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Biden’s Climate Justice Plans Will Hurt the Global Poor

The President's boundless climate plan is too political to be grounded in reality

President Biden’s recent speech at the Virtual Leaders’ Summit on Climate was confusing. Speaking to 40 leaders from advanced, emerging, and developing countries, he reveals his dream of bringing well-paying, middle-class, union jobs to struggling American communities. He starts his speech by saying, “When people talk about climate, I think jobs.”

In the following minutes, he underlined his administration’s mission to use climate panic to achieve his major domestic policy goal: an infrastructure plan. Biden hopes large, government-funded projects will create jobs as a back door solution to the pandemic fatigue in the American economy.

Ultimately, the group of global leaders only heard about measurable goals and desirable climate outcomes two or three times and without any mention of estimated costs.

While an estimated 1.2 billion people in the world do not have any access to modern electricity, Biden’s plea that global leaders follow the USA’s path through overhauling their infrastructure—will mean some emerging and developing nations will miss critical energy-driven industrial economic growth—is an unfortunate demonstration of inconsiderate Western energy policy domination. 

President Biden signed his first executive order to tackle the supposed “climate crisis” on the same day he took his oath of office and signed a second within a week. These all-encompassing twin executive orders go well beyond the scope of environmental policies. Avoiding any form of cost-benefit analysis—a typical tool for environmental policy justification—they promise to build modern sustainable infrastructure to deliver an “equitable” clean-energy future that would fight environmental injustice and racial inequality. 

Joe Biden’s campaign platform supported the Green New Deal, which also avoids general cost-benefit calculations by including unmeasurable goals such as “racial justice” and “reducing inequality.” While social injustice and racial inequality are urgent issues and need serious attention by policymakers, throwing these phrases around so lightly in the context of climate, if anything, is almost disrespectful to the depth of these social issues. To raise these issues to achieve unrelated political goals is distasteful in the most obvious way.

After persistently criticizing the Trump administration for four years over allegedly unjustifiably invoking national security measures for achieving trade policy goals, President Biden is following suit by invoking national security to achieve environmental policy goals. Addressing the “Climate Crisis” is now the central goal of US foreign policy and national security. A protective tariff is also on the horizon since Biden’s “Buy American” plan includes a “carbon adjustment fee.” These plans signal that the US will first rob impoverished nations of hope for development through climate agreements, then use prohibitive tariffs to profit from them.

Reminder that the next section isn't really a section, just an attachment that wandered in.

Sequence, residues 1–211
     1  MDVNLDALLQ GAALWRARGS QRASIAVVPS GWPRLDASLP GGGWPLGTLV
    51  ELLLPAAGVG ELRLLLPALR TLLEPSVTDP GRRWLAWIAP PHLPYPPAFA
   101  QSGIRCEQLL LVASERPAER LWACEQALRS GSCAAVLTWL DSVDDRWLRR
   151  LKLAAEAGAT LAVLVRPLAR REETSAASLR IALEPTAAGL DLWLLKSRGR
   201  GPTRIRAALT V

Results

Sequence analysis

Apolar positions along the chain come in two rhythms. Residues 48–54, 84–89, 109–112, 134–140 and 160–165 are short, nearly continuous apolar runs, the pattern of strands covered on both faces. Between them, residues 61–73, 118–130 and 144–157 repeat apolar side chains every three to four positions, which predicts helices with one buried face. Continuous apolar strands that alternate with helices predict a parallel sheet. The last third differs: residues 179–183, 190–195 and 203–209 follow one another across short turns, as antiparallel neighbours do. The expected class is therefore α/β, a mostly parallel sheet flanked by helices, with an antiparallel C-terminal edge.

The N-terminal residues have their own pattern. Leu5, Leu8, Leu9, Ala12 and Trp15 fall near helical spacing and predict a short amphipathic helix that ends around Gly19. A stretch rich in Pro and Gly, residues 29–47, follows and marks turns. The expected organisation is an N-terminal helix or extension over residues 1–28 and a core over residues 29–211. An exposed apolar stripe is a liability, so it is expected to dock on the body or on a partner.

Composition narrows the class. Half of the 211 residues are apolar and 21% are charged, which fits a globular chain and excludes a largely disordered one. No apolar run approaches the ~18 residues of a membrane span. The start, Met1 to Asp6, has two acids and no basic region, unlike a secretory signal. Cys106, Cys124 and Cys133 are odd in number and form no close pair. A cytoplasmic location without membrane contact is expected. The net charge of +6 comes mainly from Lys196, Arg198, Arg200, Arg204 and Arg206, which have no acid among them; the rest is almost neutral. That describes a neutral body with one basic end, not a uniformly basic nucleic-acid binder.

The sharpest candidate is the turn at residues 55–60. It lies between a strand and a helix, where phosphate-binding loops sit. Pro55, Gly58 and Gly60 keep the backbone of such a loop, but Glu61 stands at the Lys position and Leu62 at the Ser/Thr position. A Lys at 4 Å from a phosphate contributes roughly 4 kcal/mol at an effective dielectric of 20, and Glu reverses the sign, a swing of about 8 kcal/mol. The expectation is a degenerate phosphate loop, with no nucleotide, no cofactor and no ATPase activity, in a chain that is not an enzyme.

Bjorn Lomborg, a staunch supporter of using market innovation to battle climate-related issues, also recognizes the climate cruelty of this new western strategy:

For the rich world to cut 20% of its emissions, a standard model shows it’ll cost them $310 billion a year. Using carbon tariffs, the rich world can instead end up $400 billion better off, making $90 billion by forcing businesses to move back to the rich world. Instead, they impose more than half a trillion in extra costs onto the world’s poor.

Climate degradation is a global problem and needs expert analysis using cost-benefit estimations to solve. During the Trump era, the political right did not help to create a truthful narrative. Insincere comments by republican politicians led people with genuine concerns astray. Now the issue is hijacked by extreme leftist sentiment which is engendering panic in well-meaning American’s minds.

Rather than put the fate of our environment in the hands of technocrats, these cost-benefit analyses could be conducted by individual innovators and investors so as to speed up the process and quickly create results.

Although a Washington Post poll reveals Americans are increasingly seeing climate change as a crisis, they are not even willing to spend $24 a year on this issue. The current Biden plan to spend $2 trillion in his first term is equivalent to spending $1500 per American every year. Another AP-NORC survey finds 68% of Americans are not willing to pay as little as $10 a month extra on their electric bills.